Hello there, F1 friends, and welcome to The Great Debates, the latest mini series from Sidepodcast. The intention here is to shine a light on topics that cause conversation amongst everyone involved in F1, always have done and likely always will do. We have covered six topics in our journey so far and now we’re on to our seventh and final debate, and it’s a big one.
There are two specific things about Formula One that, when combined, make it both wonderful and unique – the jam-packed history of the sport dating back to the 1950 inauguration of the world championship and even before that, alongside the ever-increasing pace of change that keeps the sport moving forward.
However, these two brilliant aspects converge upon each other to create one of the hot topics of Formula One that will never be resolved: Can you compare F1 eras? By that, I mean, does it mean anything to say Lewis Hamilton has equalled Ayrton Senna’s record of three world championships? Or that Rubens Barrichello was one of the best drivers ever because he started the most races? Or that Michael Schumacher is a better champion than Juan Manuel Fangio because he has two more titles to his name?
F1 is so bound in data, statistics, facts and figures, that it feels like you can make statements like these and argue your case. But the sport is so different now than when it started, so different now than ten years ago, even.
Senna battled hard for his championships, Hamilton has had a couple of dominant seasons with more time each year to make the difference. Barrichello started young and stayed a long time in F1, but in a series that was expanding its calendar as each year went by allowing for the race starts to rack up. Schumacher was an incredible driver but moulded a team around himself, employed some questionable tactics and may or may not have had some assistance from the governing body along the way. Suddenly they don’t seem so comparable at all.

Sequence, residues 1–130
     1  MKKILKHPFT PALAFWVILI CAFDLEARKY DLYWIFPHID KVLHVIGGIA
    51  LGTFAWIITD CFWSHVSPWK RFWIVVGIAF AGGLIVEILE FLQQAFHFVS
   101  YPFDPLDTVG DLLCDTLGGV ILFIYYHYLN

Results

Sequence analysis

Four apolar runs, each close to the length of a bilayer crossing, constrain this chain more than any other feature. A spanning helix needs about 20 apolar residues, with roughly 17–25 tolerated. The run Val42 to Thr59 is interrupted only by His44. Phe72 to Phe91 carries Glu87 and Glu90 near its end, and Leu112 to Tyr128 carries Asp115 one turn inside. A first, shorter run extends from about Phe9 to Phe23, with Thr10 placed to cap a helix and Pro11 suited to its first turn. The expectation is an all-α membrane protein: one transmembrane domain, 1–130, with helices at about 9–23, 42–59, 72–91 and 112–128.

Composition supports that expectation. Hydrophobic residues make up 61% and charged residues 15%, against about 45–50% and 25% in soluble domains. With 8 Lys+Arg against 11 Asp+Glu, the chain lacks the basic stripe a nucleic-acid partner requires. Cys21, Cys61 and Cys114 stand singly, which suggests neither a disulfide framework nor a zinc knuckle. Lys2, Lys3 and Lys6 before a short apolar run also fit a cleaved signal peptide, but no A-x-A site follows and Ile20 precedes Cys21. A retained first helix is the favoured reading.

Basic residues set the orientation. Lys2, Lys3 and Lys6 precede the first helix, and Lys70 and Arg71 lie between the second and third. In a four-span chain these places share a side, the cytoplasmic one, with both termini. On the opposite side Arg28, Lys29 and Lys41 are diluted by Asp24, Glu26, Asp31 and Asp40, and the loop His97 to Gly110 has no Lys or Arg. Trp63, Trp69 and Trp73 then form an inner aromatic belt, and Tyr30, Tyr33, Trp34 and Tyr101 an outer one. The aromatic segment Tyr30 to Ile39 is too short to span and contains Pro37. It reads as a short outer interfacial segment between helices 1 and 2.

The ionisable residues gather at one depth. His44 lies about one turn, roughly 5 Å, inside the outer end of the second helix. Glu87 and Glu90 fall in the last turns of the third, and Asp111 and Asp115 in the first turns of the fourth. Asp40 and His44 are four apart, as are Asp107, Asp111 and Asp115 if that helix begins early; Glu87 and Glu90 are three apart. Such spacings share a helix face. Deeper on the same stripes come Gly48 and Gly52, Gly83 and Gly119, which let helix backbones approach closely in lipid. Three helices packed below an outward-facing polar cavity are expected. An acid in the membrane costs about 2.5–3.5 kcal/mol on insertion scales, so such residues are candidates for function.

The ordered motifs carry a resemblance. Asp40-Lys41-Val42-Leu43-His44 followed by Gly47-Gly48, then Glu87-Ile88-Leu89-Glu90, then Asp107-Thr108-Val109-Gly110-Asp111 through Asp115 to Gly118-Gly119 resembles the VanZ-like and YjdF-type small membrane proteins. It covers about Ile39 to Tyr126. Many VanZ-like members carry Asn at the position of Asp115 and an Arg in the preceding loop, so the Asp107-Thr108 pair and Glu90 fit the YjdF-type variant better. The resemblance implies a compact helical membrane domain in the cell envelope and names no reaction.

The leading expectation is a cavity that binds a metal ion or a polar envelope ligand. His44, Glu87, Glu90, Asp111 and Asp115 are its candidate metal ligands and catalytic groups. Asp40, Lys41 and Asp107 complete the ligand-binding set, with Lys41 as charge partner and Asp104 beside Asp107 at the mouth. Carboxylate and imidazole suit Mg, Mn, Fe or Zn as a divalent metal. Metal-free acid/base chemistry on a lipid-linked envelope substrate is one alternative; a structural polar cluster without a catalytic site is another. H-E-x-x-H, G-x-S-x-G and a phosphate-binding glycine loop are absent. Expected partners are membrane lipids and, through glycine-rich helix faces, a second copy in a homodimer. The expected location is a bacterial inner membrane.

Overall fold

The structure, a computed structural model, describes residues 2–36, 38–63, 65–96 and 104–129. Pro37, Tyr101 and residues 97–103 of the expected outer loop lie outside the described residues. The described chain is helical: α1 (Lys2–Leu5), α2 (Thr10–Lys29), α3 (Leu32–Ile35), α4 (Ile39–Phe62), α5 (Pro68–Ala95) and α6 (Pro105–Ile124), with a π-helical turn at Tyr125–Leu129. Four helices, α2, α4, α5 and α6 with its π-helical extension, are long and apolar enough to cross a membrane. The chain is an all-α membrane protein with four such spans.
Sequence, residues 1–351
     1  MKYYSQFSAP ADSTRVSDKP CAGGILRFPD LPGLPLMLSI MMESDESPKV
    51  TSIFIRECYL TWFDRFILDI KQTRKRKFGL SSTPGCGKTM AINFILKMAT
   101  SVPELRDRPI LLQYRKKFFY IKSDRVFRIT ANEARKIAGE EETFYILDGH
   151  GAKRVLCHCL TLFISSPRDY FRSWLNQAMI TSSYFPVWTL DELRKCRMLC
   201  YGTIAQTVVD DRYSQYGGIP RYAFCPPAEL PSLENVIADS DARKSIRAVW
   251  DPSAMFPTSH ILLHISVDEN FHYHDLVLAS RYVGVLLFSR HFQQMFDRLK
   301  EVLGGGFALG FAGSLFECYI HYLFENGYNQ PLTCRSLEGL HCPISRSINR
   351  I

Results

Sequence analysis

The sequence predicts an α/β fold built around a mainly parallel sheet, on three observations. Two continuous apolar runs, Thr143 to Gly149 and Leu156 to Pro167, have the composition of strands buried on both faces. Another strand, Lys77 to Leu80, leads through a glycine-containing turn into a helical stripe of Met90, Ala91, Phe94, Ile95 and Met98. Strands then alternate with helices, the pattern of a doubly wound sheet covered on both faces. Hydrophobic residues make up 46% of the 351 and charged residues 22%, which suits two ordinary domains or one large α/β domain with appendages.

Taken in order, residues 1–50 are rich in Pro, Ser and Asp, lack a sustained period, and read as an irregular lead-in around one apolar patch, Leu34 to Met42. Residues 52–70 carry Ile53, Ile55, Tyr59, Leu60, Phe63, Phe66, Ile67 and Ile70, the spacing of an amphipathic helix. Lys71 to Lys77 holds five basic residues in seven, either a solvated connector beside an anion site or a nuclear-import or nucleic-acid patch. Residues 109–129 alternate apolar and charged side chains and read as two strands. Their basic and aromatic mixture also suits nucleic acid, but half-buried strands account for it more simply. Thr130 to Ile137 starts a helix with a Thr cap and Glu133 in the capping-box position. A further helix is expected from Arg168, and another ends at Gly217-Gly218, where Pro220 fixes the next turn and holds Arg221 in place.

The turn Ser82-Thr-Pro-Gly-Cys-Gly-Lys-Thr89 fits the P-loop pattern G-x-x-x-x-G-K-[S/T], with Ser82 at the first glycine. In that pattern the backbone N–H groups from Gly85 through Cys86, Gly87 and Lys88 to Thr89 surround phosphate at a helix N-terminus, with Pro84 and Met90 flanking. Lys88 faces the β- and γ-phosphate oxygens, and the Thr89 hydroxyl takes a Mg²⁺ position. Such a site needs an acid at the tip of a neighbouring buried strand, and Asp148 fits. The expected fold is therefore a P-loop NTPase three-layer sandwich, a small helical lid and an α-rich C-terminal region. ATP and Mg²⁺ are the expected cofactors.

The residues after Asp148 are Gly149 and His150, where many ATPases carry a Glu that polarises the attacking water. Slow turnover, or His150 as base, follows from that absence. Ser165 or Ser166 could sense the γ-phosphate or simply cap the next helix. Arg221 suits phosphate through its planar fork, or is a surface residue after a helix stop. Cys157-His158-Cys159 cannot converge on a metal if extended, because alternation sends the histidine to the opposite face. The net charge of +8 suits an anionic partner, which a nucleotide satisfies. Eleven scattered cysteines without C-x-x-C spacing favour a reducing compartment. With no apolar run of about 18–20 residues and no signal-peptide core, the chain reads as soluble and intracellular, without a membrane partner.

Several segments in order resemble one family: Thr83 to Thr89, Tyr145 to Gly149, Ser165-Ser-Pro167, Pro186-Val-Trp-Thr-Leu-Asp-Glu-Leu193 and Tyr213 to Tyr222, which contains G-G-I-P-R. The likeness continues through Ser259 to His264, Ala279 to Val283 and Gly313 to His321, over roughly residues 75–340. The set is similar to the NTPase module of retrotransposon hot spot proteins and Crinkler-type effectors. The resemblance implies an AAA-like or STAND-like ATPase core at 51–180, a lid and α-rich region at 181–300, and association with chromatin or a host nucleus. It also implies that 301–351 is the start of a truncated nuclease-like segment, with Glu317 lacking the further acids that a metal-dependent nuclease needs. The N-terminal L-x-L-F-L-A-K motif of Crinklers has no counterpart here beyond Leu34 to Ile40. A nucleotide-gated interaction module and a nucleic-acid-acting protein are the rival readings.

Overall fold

And yet, they are all doing the same job – driving as fast as possible in cars that are designed to go as fast as possible given certain conditions. They’re in the same sport, and more than anything, we want to compare them, to discuss the relative merits and disappointments, to decide who really was the fastest driver or the greatest champion, the best qualifier or the worst teammate to have.
Even within the same year, things get tricky. It’s a well-known adage that if you want to see how a driver is doing, you can only compare him to his teammate. Same car, same machinery, same situations. That doesn’t even bear fruit, though, as there are other things to consider: team orders, favourable strategies, just that cursed bad luck that plagues some drivers more than others. Comparing teammates on a very basic level is hard enough, let alone crossing the boundaries of seasons and even decades.
But it’s human nature to look for the story behind the achievements. What would the youngest F1 driver mean if he wasn’t breaking a record set by previous drivers? How can we relate to the four consecutive championship wins by Sebastian Vettel if he wasn’t standing on the backs of giants? With such a vast history to draw from, despite its differences, it’s hard not to want to pit one success story against another, or analyse failures based on what’s happened in the past. It may not be accurate but it helps us process the information in front of us. It helps fuel the debates that have taken place and will continue well beyond the end of F1 as we know it.
So in the end, I think the answer is no, you can’t compare F1 eras, but oh boy, that isn’t going to stop us from trying.
That’s all for this episode, and this mini series. The Great Debates has come to an end, although the debates themselves will rumble on indefinitely, I have no doubt. I hope you’ve enjoyed the show, do let me know your feelings about any of the topics discussed within, just visit sidepodcast.com/contact to air your views. Enjoy the conversation, enjoy the sport, and thank you for listening.